On an evening when both her athletic skills and confused lovelorn feelings are put to the test, Hitomi is transported to a planet located behind the far side of the moon. What she encounters there reconfigures her coming-of-age problems; the imaginary subordinates reality, enabling her more time to experience, understand and judge herself. Through her eyes we encounter the world of Gaea, a place populated by feudalist human factions, furry half-breed creatures and ‘dragons’ of both classical and mechanical robot types.
Hitomi allies herself with Van, a young, rash and hot tempered samurai prince. Van’s home city is soon wiped out by stealth mechs and he steels himself on revenge. His own mech is the angelic (demonic?) Escaflowne, a badass, ethereal suit with a surprising shape-changing feature. Having glimpsed the power of Escaflowne, the emperor of Gaea determines that the wonder ‘bot represents a threat to his autocracy. In order to capture and disable it, the emperor sends out his special squadron of stealth minions. Their leader is an insanely twisted caricature of a male antagonist who in many ways is bizarrely coded as a cross-dressing woman (I’m almost convinced this is some kind of half-assed attempt to express gender politics). Hitomi and Van meet Allen, a dashing knight who vows to protect them. In his own astonishing combat suit, Allen proves he’s quite suited to the task by schooling angry little Van in an all too brief joust with Escaflowne. Of course, Allen is drawn into Van and Hitomi’s fight for justice and the final chapter of the first disc leaves us with the impression that one small band of guerillas will stand against the might of the empire (sound familiar?).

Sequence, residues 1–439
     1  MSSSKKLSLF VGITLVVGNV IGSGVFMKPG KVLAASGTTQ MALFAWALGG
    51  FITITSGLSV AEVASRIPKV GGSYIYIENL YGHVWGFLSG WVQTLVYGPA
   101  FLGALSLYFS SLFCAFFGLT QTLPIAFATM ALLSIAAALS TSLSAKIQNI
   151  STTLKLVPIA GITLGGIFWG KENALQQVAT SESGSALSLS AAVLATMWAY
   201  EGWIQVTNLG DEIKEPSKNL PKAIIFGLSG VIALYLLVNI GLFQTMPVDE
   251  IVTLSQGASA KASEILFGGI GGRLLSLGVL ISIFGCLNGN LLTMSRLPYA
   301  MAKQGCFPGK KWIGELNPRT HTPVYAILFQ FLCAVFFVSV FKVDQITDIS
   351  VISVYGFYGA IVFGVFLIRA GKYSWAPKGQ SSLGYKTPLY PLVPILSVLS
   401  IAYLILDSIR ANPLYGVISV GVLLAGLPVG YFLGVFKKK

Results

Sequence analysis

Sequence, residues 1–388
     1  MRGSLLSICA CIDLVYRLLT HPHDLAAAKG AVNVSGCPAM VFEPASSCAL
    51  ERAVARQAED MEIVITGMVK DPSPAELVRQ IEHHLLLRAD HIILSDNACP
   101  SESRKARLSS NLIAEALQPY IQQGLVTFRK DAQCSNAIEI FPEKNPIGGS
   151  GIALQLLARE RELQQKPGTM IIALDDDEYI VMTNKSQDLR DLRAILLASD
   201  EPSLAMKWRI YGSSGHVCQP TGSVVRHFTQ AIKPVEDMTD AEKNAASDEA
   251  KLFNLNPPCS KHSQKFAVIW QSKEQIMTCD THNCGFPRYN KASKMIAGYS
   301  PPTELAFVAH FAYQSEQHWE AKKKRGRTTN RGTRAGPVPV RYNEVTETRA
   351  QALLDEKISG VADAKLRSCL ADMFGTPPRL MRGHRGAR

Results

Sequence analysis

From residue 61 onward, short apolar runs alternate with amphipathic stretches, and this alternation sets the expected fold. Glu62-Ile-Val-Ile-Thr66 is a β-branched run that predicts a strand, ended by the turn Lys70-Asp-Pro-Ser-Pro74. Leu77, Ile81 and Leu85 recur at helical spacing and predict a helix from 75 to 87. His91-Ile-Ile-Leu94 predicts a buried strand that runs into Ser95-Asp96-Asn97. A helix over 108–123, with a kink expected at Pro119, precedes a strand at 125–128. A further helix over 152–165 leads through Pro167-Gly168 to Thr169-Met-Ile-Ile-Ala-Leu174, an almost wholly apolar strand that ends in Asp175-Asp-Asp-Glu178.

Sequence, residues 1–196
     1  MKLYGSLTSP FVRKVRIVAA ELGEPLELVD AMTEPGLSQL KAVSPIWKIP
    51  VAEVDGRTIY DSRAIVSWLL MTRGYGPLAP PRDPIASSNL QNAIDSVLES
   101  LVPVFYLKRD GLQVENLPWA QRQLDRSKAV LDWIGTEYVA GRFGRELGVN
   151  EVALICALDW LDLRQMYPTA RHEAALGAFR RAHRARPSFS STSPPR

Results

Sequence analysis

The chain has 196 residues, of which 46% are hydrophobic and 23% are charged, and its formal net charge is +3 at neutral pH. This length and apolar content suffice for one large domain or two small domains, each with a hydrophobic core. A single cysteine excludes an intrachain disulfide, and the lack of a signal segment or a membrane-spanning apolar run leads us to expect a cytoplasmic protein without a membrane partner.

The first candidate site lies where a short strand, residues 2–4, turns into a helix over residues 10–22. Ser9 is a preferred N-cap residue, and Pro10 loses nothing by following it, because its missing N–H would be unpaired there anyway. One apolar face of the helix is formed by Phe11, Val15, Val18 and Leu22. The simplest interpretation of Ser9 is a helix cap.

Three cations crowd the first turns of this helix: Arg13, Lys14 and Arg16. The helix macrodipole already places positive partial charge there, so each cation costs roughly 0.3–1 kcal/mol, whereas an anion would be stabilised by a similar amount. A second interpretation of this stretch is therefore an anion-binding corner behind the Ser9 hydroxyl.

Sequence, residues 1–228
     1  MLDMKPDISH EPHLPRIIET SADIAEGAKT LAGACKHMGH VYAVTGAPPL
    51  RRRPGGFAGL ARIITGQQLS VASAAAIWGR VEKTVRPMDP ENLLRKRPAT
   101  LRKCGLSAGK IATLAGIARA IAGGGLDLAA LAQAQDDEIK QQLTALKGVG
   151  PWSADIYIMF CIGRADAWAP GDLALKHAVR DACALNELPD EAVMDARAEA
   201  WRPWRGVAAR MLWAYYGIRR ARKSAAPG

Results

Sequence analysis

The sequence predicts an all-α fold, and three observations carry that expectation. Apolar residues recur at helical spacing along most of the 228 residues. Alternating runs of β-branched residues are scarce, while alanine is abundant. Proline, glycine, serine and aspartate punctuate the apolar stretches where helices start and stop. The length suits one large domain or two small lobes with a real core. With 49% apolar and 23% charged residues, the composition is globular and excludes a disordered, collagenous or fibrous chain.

A weird mix of pseudo-science, pop-mysticism, robo-fantasy, traditionalist heroic adventure and political intrigue, Escaflowne tries to be many things. The story advances at a fair clip, perhaps disguising how these many parts fail to fit together in a satisfying way. Some key elements of backstory and development are forsaken, which I found increasingly frustrating. It’s difficult to ascertain what is central to the narrative when inserts of ho-hum mech preparations and maniacal monologues garner more liberal attention. Another small problem is the deficiency of humour. Given the dumbed down status of the high concept story, a few more shameless gags wouldn’t go astray. The series does deliver surface kicks and the animation is consistently fantastic but it is questionable that the long spectatorial haul will ultimately convey anything new or exciting. I guess a lot depends on how you feel about the characters. Does it matter if Hitomi discovers her true feelings and finds her way back home? If Van learns how to conduct himself honourably while gaining revenge? If Allen may find his true calling and sacrifice himself for a greater cause? Maybe I’m overlooking some subtleties, but are these questions really all that interesting?